When I graduated from college in 2015, I had one goal: to be debt-free. I dreamt of a life of flexibility and freedom, where I could travel and pursue my interests without being tied down by a monthly payment or compounding interest.
So during my first year in the real world, I knew what I had to do: pay off my $14,000 of student loan debt as quickly as possible. (Spoiler alert: I did it in just seven months .) I got there by being ruthless when it came to slashing my expenses and finding creative ways to live on less, like taking advantage of the sharing economy.
Here’s how renting helped me shave $5,000 off my yearly budget.
My 2000 VW Cabrio was the first item I put under financial scrutiny. The options were simple: Keep it or sell it. On the one hand, I needed a way to get to my office in San Diego which was about 8 miles away from my apartment. But I was also spending nearly $500 per month on maintenance—there was that memorable time it shut off on the freeway—gas, parking and insurance. (Fortunately, I didn’t have a car payment.)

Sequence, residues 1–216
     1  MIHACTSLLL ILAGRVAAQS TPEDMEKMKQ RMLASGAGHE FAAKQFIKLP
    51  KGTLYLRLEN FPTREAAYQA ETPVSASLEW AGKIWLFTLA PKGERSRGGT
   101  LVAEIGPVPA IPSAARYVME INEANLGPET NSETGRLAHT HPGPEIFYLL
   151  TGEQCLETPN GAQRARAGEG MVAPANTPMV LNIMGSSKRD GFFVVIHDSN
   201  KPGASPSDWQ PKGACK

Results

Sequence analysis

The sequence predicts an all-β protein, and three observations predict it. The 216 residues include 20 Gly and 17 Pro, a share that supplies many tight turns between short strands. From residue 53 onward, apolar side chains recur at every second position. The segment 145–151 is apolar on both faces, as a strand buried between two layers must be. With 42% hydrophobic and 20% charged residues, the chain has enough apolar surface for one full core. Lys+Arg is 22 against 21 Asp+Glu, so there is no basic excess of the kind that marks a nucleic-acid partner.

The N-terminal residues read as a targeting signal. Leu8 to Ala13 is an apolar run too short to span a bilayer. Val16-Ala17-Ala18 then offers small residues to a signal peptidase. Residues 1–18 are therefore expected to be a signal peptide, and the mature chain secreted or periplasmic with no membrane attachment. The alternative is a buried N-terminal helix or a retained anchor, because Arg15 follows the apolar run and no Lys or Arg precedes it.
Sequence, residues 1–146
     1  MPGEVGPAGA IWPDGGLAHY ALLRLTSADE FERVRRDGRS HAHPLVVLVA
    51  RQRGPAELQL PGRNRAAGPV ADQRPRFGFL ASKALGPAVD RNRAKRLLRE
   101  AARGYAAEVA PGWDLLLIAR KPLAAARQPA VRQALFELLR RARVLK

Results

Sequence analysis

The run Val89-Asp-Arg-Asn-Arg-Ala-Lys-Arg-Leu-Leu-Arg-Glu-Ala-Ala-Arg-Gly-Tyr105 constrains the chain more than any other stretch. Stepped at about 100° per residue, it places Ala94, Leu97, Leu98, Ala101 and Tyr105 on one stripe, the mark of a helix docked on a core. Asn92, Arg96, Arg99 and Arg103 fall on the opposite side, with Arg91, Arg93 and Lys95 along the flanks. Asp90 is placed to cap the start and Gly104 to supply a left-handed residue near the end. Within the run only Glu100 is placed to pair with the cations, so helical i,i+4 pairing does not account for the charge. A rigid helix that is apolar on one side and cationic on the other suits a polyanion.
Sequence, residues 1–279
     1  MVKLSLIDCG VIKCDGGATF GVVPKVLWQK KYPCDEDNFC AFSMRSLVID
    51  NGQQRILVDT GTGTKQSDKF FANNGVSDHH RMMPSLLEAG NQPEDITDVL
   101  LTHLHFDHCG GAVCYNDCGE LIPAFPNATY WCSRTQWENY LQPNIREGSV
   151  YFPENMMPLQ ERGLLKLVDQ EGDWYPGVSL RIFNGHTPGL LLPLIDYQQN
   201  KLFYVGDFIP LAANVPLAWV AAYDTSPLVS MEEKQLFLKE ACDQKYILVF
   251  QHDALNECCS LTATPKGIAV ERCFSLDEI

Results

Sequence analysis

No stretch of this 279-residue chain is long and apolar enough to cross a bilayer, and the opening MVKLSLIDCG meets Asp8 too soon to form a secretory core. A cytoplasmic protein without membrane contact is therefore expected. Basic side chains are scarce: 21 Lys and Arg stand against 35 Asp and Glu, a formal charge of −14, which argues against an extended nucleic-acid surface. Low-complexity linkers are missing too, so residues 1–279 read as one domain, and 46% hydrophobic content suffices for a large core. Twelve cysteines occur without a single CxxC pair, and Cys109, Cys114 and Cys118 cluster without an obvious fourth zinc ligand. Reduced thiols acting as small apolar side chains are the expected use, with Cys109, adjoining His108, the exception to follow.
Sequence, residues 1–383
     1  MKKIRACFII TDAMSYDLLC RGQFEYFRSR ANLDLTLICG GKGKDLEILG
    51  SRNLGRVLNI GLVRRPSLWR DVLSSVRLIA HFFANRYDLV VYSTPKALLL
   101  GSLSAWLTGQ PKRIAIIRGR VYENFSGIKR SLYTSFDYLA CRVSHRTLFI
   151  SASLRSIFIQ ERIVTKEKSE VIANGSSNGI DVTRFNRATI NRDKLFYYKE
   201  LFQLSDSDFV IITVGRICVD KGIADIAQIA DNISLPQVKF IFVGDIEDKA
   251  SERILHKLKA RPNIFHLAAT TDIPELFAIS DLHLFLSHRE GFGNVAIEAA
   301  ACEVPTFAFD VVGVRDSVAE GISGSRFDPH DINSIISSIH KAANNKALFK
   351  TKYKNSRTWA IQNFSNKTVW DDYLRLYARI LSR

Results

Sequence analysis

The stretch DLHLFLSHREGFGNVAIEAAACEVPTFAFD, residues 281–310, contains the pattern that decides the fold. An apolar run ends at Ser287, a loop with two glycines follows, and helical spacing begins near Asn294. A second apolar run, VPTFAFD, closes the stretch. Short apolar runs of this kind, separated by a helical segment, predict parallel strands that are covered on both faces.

While I was crunching the numbers and considering my options, the decision was made for me when my car broke down beyond repair. So I sold the car to a junkyard for $700—and just like that, I was car-free.
I decided not to buy or lease a new car and instead stick with ride-share and rental options like Car2GO , Zipcar , Uber and Lyft —plus my bike and the bus—as my primary new modes of transportation. On average, it costs about $70 per week to get to and from work and to run errands. On weekends, I ride with friends whenever possible or split Uber fares. Plus, my partner has a car, which helps.
Because I lived in Los Angeles for two years prior, this transition was easier than I expected. I was used to walking to my job and college classes, hopping on buses, biking busy roads and requesting Ubers. My coworkers think I’ve lost my mind, but I just smile to myself because I never have to worry about tickets, registration or anymore highway breakdowns.
What I paid to own: $6,000